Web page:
GMB to submit pay claim for members working for Tempay Ltd in Swindon

Marks & SpencerThe GMB is to submit a pay claim for members at a Marks & Spencer (M&S) distribution centre in Swindon who yesterday voted to be represented by GMB for collective bargaining.

The union is celebrating what it calls a breakthrough by securing recognition with a so-called umbrella company, Tempay Ltd.

GMB organiser Carole Vallelly said: “Now we have recognition, our first step is to prepare and submit a pay claim, and secure for our members a wage that allows them to live with dignity. It is a scandal that a company like Marks and Spencer, who boast about their ethical credentials, are exploiting workers in conditions akin to modern day slavery.”

The Swindon distribution centre is owned and used by M&S. M&S contract DHL to run the distribution centre. DHL use recruitment agency, 24-7, to provide agency workers who are given employment contracts in the name of Tempay Ltd. Tempay shares the same registered business address as 24-7.

  • Workers for Tempay Ltd have 7 hour per week contracts, but are given rotas for 37 hours. If they are not available for every day of rota they are disciplined for absenteeism, but the employer can cancel work days with no notice, and send workers home at any time, sometime as soon as they arrive for work.
  • Using ‘permanent’ contracts for the nominal 7 hours a week allows employers to evade the provisions of the Agency Workers Regulations (AWR), which came into force in 2011, that are designed to guarantee equal pay after 12 weeks employment. This abuse is popularly called the “Swedish Derogation”.
  • Many of the Tempay staff at M&S Swindon have worked at the site for several years. Over 75% of non-managerial staff are agency workers. Such long permanent assignments are contrary to the intention of the Swedish derogation and GMB believes indicate an regulation avoidance tactic.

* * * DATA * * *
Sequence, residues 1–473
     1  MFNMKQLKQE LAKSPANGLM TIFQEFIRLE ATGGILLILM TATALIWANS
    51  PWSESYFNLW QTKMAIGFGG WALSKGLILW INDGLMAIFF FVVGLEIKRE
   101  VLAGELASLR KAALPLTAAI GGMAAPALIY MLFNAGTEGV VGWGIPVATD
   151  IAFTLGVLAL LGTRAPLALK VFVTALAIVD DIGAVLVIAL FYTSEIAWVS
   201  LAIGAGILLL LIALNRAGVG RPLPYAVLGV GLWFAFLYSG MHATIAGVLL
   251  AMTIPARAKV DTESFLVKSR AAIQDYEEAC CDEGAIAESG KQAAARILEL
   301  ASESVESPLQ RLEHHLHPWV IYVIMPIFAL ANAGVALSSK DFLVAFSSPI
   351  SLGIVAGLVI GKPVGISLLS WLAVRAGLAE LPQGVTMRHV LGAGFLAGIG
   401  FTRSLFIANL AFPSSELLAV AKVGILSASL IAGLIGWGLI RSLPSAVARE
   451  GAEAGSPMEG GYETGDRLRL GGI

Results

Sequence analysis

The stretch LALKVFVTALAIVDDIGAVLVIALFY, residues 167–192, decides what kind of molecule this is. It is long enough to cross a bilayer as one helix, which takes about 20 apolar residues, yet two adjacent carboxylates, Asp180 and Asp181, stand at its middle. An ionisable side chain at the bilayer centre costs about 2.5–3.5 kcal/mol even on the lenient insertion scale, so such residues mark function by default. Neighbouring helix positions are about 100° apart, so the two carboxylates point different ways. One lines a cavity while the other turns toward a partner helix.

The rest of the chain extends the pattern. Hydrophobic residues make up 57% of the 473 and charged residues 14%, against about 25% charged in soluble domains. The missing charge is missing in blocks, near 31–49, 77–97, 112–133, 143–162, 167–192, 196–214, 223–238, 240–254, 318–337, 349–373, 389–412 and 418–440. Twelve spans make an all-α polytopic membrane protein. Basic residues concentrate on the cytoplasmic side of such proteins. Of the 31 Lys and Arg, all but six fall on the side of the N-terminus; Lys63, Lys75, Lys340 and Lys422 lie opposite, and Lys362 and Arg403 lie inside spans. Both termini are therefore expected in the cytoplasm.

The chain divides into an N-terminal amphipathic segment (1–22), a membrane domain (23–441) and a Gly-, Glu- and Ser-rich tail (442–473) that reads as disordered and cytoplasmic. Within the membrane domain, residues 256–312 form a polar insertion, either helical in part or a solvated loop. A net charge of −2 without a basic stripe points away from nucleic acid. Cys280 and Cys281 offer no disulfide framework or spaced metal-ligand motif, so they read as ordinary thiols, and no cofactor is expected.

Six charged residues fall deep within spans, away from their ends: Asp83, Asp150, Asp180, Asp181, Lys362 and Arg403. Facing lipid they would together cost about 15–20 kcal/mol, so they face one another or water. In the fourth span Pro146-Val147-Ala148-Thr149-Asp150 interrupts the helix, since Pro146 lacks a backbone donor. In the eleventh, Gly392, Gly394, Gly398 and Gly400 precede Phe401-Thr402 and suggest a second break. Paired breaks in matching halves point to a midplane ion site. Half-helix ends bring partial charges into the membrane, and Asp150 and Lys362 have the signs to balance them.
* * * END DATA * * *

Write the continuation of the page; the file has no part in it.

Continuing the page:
Even 24-7 senior managers cannot explain the commercial relationship with Tempay. Staff don’t even have the dignity of knowing who they work for.

  •  The actual employer, Tempay Ltd, although it employs 2,500 people has only two administrative staff for payroll, it has no managers, no HR department, and no internal structure for governance. It is a paper company that seemingly only exists for legal avoidance. Employment through these so-called Umbrella companies has spread like wildfire though distribution and construction sectors.
  •  Low pay and precarious employment means workers on these contracts feel like second class citizens, unable to get a mortgage or be granted hire purchase or loans, and unable to even feel secure that they can pay the rent or feed their families.

Many prestigious High Street companies, including Marks and Spencer, use employment agencies in their supply chain to push wage costs down and inhibit staff from asserting employment rights. The culture of abusing agency worker status has led to employers treating their staff as commodities, breaking the moral contract that hard work should be rewarded.

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Tim Lezard

Campaigning journalist, editor of @Union_NewsUK, NUJ exec member; lover of cricket, football, cycling, theatre and dodgy punk bands

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